How many borrowed things — oh God — am I myself?

To my left, a hovel — yes, a hovel — by the roadside.
To my right an open field, the moon far off.
The car, which seemed just now to give me freedom,
Is now something I’m shut up in,
That I can only drive shut up in,
That I can only tame if I include it, if it includes me.

To my left, back there, that modest, that more than modest hovel.
Life must be happy there: it’s not mine.
If someone saw me from the window, they’d think: Now that guy’s happy.

Maybe a child spying at the upstairs window
Would see me, in my borrowed car, as a dream, a fairy tale come true.
Maybe, for the girl who watched me, hearing my motor out the kitchen window,
On packed earth,
I’m some kind of prince of girls’ hearts,
And she’ll watch me sideways, out the window, past this curve where I lose myself.
Will I leave dreams behind me? Will the car?
I, the borrowed-car-driver, or the borrowed car I drive?

On the road to Sintra in moonlight, in sadness, before the fields and night,
Forlornly driving the borrowed Chevy,
I lose myself on the future road, I disappear in the distance I reach.

And in a terrible, sudden, violent, inconceivable desire
I speed up,
But my heart stayed back on a pile of rocks I veered from, seeing without seeing it,
At the door of the hovel —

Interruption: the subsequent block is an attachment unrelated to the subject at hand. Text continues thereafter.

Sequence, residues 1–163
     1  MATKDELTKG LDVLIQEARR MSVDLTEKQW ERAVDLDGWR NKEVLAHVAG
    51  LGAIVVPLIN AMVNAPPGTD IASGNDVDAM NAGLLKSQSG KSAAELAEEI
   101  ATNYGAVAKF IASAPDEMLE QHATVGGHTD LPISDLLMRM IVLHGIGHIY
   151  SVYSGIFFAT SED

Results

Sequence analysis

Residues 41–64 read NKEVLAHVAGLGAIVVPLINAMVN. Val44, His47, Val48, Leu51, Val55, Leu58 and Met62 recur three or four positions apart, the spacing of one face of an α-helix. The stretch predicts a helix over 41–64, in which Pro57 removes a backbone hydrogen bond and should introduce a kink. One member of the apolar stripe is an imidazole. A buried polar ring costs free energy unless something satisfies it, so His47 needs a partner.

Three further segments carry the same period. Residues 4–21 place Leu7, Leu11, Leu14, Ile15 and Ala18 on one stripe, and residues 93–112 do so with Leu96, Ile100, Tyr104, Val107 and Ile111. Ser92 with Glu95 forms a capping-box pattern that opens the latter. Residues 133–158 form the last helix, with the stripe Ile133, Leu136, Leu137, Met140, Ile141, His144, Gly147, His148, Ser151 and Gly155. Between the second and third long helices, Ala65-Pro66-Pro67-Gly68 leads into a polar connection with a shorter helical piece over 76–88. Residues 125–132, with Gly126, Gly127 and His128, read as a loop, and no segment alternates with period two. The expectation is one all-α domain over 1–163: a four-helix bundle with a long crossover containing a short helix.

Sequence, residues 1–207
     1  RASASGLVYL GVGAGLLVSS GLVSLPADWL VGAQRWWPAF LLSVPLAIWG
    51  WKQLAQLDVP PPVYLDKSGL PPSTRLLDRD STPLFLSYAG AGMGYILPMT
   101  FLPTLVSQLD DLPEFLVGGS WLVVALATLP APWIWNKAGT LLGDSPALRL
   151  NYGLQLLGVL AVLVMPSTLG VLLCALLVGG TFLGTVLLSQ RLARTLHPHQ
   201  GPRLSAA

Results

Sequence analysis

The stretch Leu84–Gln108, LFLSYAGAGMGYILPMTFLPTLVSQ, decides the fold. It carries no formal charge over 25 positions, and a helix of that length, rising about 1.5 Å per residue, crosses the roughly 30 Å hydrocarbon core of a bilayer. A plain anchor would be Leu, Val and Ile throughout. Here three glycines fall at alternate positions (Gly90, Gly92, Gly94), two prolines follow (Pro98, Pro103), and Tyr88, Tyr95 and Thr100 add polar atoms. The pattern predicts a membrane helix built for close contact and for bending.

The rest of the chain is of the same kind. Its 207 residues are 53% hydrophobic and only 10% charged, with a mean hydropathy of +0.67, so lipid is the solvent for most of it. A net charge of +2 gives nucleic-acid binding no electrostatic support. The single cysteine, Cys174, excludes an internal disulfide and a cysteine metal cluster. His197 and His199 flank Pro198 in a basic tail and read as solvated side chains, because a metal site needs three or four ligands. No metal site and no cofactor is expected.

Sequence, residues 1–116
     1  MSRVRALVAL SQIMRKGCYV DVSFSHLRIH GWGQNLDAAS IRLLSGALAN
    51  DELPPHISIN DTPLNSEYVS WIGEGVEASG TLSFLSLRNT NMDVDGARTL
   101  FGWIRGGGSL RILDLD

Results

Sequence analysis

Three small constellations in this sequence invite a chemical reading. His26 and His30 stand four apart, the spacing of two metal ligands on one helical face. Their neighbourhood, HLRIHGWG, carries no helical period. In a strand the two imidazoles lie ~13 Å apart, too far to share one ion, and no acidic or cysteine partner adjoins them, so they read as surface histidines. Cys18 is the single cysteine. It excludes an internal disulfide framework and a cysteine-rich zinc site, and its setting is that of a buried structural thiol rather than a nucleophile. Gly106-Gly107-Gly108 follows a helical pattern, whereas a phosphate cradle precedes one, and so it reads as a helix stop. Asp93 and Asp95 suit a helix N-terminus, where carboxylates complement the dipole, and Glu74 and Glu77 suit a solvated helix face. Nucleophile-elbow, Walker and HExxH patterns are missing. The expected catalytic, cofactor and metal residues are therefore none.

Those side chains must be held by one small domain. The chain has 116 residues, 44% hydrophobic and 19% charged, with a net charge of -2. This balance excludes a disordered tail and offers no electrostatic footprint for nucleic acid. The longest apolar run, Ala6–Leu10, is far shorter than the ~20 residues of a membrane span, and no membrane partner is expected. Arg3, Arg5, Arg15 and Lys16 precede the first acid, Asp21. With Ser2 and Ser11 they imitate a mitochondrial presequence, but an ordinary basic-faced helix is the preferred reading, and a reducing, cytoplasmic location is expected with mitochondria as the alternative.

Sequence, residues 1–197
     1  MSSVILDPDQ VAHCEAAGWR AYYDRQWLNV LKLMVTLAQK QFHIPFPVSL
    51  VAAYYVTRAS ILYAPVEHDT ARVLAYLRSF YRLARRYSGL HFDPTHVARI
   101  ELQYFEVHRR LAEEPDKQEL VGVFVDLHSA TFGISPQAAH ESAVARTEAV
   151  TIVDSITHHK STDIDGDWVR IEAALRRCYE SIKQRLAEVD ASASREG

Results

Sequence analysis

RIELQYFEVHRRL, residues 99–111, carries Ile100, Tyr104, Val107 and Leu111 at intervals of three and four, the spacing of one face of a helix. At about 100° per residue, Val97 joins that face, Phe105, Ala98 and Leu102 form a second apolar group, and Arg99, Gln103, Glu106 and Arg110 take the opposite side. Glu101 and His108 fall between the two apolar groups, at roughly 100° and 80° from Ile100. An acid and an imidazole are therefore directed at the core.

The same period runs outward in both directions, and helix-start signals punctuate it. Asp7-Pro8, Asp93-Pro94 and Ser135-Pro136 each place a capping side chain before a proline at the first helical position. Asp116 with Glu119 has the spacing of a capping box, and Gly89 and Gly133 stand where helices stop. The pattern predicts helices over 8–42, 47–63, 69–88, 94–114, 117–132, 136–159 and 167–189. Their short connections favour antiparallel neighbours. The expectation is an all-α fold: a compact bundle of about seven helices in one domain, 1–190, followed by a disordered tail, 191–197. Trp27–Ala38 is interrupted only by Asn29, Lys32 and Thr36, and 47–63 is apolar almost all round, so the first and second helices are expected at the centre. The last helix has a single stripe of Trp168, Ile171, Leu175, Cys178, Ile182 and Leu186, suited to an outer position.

My empty heart,
My dissatisfied heart,
My heart more human than me, more exact than life.

On the road to Sintra, near midnight, in moonlight, at the wheel,
On the road to Sintra, oh my weary imagination,
On the road to Sintra, ever nearer to Sintra,
On the road to Sintra, ever farther from me…

11-5-1928   Poesias de Álvaro de Campos. Fernando Pessoa. Lisboa: Ática, 1944 (imp. 1993). _37

I am going on, without having left Porto and without Toronto to go to, because nostalgia still does not let me go. My disquiet is the same disquiet of all those who lose ground to earn life and keep a family together. But those are different “portugals”, not to be recalled here and now.

As digital life is neutral to physical changes, what is here to be published still complies with the same requirements. In the meantime, both body and spirit wait for the day when it will be less painful to call this so civilized country a home. Whilst that does no happened, it is time to “return” to Porto in the next post.